D'oh-nuts: 8-year-old spends $1460 on virtual snacks in Simpsons iPad game

If you feel a sense of déjà-vu while reading this article, you're probably not alone - this is just the latest in a long line of incidents featuring unsupervised children spending enormous sums of real money on virtual assets in freemium apps. 

Today's episode takes us to England's green and pleasant land, and the city of Bristol, where eight-year-old Theo Rowland-Fry lives. Theo is apparently a fan of The Simpsons, and his parents Nick and Lisa allowed him to use the family's Apple iPad to play a game based on the show. The Simpsons: Tapped Out is a freemium app - free to download, with in-app purchases readily available - from EA Mobile, and is among the most popular games available on the App Store and in Google's Play Store. 

Theo evidently loved the game, playing it regularly for weeks on end. But by the beginning of this month, Nick and Lisa discovered that their bank account had been drained and as The Telegraph reports, it didn't take long to find out who the culprit was. 

Over the course of six weeks, Theo had spent £980 GBP (around $1460 USD / €1130 EUR) on buying virtual doughnuts in the game. His father said that "there were more than 100 purchases on iTunes for between £1.50 and £75.00", adding that the family had "received no emails alerting us to what was happening". 

Of course, Nick and Lisa couldn't blame the boy for his enthusiastic gameplay; as Nick conceded, "Theo is only just eight and has no real concept of the monetary value attached". Apple evidently sympathised with this, and refunded the amount in full; while the company already offers parental controls, and naturally expects some degree of parental responsibility in how children use devices, it says that it reviews the circumstances of each incident on a case-by-case basis. 

Even so, one has to wonder how many more of these stories will continue to emerge before parents everywhere understand the importance of imposing the proper restrictions and controls on how their children can use connected devices, rather than pleading ignorance after the event, and expecting companies to return their money. 

Source: The Telegraph | Image via HQwallpapers4free

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61 Comments

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ilovetech said,
they should use wp8 kids corner..

I agree with this. I use it all the time with my child, and i never have to fear about any of this. For families, this is a must have feature and I think with WP8, Microsoft has nailed it.

> Theo is only just eight and has no real concept of the monetary value attached

Ummm...what? So exactly when were these parents planning to teach their kid about the "concept of monetary value"??? When he's a teenager? When he gets his first car? College?

At the age of 8, I would've known I'd have to spend a few *summers* in a row doing chores around the house and for the neighbors to earn enough money to get an iPad (had it existed back then), let alone earn $1500 to spend on a game. If this kid is like most I know, he probably got the iPad for Christmas or his birthday, and I'll bet he gets an allowance in exchange of...absolutely nothing.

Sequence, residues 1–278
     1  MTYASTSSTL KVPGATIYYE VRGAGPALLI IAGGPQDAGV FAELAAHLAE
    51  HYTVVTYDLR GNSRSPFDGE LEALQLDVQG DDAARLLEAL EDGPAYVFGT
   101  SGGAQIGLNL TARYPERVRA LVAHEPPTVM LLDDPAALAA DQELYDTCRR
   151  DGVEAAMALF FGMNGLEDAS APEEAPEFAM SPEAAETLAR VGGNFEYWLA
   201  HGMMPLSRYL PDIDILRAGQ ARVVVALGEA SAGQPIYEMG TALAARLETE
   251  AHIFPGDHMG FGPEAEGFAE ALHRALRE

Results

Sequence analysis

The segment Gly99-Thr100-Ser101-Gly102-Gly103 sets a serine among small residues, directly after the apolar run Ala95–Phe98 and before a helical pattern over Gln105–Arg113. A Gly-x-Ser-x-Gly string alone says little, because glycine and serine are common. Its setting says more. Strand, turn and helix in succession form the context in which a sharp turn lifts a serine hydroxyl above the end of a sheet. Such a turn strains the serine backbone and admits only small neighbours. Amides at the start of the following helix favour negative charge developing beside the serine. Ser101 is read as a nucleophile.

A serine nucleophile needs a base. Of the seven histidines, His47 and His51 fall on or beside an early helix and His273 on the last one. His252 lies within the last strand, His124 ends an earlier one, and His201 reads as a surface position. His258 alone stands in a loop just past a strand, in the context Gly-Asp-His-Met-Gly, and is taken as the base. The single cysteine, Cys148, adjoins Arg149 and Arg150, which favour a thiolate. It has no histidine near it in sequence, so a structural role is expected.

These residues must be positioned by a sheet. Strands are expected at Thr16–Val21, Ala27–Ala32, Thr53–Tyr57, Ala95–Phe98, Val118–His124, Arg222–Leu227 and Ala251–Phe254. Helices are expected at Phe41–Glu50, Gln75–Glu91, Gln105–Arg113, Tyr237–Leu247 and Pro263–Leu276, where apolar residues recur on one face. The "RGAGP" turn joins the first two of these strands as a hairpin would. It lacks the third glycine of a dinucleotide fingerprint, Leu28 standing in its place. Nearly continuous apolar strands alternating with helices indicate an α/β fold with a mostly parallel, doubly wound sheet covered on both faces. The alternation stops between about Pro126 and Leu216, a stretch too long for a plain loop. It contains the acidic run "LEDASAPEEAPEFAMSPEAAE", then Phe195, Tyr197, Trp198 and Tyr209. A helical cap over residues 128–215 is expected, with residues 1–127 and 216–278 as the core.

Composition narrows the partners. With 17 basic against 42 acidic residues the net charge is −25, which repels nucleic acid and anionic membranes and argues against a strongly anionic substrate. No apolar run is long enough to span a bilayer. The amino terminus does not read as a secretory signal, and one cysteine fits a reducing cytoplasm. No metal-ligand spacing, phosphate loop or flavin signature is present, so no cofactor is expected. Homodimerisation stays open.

My argument would be "why is there something in a game that costs £98 in the first place?" (2,400 doughnuts, which is the first item for sale that is displayed).

The game makers are hoping you click on it by accident.

Think of all of the real donuts that could have been purchased with that much money.... seems like a huge ripoff to me.
Shame on the parents for not knowing/monitoring/etc, and shame on EA/Apple for intentionally trying to squeeze every penny possible from people.

I think the parents refusing to chastise their child is the biggest problem here. 8 year olds certainly *are* old enough to understand the basics of money. They might not realise how much £1,000 really is but they can cope with 'don't spend mom's cash without asking'.

Laura said,
I think the parents refusing to chastise their child is the biggest problem here. 8 year olds certainly *are* old enough to understand the basics of money.

The legal system fundamentally disagree with you, which is why children are treated differently under the law to adults.

And the law is stupid many kids can learn at a early age if you bothered putting time with them, the law just makes a excuse for lazy parenting.

Can one block this in any way?
Not having used W8/Metro for this yet, buth with user profiles and such it should be able to lock the ability for in-game purchases, wouldn't it?
If so, this would make a good argument for parents buying a Surface or other W8 RT tablet.

Not a fanboy remark, just a curious question...

Dutchie64 said,
Can one block this in any way?
Not having used W8/Metro for this yet, buth with user profiles and such it should be able to lock the ability for in-game purchases, wouldn't it?
If so, this would make a good argument for parents buying a Surface or other W8 RT tablet.

Not a fanboy remark, just a curious question...

Yes don't store your card details - easy

my main gripe is why do you have to spend so frezking much on microtransactions to play a darn game... what's next to have houses built in simcity you have to pay $1 per house or else tough, no house will be built?.......

neufuse said,
my main gripe is why do you have to spend so frezking much on microtransactions to play a darn game... what's next to have houses built in simcity you have to pay $1 per house or else tough, no house will be built?.......